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Stopping Houthi ship attacks will take time, Biden adviser says

In a handout image provided by the U.K. Ministry of Defense, an RAF Typhoon aircraft takes off from RAF Akrotiri to join the U.S.-led coalition to conduct air strikes against Yemen's Houthi rebels on Jan. 11, 2024, in Akrotiri, Cyprus. (U.K. Ministry of Defense/Getty Images/TNS)
February 20, 2024

U.S. military action to deter Iranian-backed groups such as Yemen’s Houthi rebels will take time and the Biden administration “will have more to say about it soon,” Deputy National Security Adviser Jon Finer said.

While hinting at unspecified additional measures, Finer’s comments on ABC’s This Week are broadly in line with President Joe Biden’s acknowledgment last week that Houthi missile and drone attacks on commercial shipping in the Red Sea are unlikely to stop immediately.

“Deterrence is not a light switch,” Finer said Sunday. “We are taking down, we are taking out these stockpiles so they will not be able to conduct so many attacks over time. That will take time to play out.”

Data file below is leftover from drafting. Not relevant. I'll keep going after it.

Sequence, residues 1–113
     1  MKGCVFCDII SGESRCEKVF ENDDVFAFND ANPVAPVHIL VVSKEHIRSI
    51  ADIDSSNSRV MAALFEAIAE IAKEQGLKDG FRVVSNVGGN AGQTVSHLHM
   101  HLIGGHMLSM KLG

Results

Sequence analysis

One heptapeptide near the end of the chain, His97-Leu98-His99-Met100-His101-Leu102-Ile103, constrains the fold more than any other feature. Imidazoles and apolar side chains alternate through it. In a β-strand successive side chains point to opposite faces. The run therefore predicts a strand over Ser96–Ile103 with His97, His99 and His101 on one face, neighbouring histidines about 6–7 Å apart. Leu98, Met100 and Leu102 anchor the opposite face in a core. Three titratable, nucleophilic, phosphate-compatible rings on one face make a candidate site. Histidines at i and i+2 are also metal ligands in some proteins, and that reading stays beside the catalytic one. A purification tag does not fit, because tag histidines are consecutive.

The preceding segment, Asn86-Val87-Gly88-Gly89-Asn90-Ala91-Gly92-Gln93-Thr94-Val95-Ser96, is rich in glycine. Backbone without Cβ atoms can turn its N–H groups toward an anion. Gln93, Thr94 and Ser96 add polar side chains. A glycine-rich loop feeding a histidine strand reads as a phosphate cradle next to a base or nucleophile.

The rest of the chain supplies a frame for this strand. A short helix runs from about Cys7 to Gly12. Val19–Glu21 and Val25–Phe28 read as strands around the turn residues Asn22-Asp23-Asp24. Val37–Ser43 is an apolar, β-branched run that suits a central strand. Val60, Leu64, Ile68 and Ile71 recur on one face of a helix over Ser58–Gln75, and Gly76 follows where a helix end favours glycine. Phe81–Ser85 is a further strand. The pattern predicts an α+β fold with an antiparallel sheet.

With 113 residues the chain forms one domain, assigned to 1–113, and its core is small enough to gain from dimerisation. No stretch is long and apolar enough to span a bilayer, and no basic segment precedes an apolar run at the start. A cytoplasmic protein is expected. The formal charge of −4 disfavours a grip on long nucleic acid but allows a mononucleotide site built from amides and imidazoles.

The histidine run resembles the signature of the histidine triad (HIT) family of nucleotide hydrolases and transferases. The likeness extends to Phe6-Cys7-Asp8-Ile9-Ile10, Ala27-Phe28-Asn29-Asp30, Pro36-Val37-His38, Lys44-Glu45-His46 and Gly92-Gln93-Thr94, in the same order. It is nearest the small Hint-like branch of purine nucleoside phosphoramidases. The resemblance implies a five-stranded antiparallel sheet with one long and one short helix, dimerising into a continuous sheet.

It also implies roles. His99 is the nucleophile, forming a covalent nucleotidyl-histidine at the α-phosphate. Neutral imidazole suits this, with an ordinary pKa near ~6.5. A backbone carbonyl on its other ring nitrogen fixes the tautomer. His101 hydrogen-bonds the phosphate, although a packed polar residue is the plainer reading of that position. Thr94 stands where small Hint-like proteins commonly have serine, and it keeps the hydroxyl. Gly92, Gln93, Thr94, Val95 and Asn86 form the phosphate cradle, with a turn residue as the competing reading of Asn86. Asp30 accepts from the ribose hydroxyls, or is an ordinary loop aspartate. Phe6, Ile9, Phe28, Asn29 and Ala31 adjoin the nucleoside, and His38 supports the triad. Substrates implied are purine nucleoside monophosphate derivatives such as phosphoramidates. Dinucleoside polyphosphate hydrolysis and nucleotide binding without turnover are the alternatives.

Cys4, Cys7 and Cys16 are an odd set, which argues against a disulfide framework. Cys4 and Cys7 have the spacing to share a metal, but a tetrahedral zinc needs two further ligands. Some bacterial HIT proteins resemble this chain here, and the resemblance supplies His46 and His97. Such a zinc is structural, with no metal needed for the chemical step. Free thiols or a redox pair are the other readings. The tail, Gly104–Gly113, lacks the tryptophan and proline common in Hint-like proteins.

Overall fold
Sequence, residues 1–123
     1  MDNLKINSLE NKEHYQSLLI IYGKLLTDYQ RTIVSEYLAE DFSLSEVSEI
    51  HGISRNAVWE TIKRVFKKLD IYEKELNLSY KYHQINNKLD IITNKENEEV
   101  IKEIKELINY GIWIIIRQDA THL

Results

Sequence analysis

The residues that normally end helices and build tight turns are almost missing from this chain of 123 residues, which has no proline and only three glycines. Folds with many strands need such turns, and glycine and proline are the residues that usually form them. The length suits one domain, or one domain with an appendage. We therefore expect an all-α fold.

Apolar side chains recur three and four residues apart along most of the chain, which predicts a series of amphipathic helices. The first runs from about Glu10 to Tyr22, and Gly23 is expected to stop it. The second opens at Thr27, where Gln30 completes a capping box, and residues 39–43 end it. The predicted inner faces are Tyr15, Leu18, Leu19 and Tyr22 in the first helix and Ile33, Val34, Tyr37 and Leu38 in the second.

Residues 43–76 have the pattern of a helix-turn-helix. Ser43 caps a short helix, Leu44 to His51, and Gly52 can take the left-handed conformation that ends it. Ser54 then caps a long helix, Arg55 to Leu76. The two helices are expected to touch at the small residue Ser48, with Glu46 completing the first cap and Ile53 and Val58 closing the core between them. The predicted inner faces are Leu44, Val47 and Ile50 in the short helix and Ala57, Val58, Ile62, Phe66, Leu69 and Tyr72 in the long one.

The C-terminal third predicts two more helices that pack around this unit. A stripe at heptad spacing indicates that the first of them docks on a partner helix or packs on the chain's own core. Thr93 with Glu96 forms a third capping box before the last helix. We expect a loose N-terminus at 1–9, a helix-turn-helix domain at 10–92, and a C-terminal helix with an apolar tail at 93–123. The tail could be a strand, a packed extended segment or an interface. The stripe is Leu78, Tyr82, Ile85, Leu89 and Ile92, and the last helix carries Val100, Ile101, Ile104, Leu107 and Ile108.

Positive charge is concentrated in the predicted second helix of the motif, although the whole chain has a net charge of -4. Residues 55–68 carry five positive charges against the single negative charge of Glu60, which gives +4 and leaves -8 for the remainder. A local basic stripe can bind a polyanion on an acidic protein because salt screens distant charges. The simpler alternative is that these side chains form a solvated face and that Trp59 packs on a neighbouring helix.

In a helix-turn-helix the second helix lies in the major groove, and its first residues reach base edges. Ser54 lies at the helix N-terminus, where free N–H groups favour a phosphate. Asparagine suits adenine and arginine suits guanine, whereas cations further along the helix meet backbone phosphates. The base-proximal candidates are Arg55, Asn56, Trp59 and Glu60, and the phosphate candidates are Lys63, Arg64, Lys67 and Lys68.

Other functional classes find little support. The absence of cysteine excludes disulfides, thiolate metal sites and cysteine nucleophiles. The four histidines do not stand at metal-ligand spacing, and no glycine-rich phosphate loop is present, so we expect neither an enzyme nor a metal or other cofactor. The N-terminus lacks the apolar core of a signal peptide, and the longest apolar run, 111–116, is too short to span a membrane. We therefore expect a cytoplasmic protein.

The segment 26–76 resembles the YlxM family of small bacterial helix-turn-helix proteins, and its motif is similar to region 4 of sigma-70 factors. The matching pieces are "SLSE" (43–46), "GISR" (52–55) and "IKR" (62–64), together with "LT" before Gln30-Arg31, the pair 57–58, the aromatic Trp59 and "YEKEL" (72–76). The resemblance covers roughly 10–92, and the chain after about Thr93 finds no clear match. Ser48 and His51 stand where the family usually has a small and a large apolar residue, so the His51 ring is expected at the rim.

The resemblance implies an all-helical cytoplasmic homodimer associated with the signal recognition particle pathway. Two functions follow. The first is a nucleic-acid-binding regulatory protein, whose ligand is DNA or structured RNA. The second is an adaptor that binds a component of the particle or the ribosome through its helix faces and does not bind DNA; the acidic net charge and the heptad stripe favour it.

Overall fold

Iran-backed militias are carrying out other attacks in the region, including one in a western Iraq on Saturday in which at least two U.S. service members were injured.

“You can be assured that we taking this extremely seriously and will have more to say about it soon,” Finer said.

Tensions around the Middle East have steadily increased since Hamas’s Oct. 7 attack in southern Israel that killed about 1,200 people and Israel’s counterstrikes, which have killed more than 25,000 people in the Gaza Strip, according to the Hamas-run health ministry.

U.S. air strikes destroyed a Houthi anti-ship missile on Saturday that was prepared for launch into the Gulf of Aden, the latest action against the Yemen-based militants that have targeted Red Sea commercial traffic for weeks.

The U.S. and the U.K. are exploring ways to step up their campaign against the Houthis without provoking a broader war, with a focus on preemptive strikes and targeting resupply shipments from Iran, according to people familiar with the discussions.

“We totally reject the justification and the rationale that because there’s a conflict going on between Israel and Hamas in Gaza that entitles a group to take actions military actions against the entire global economy,” Finer said.


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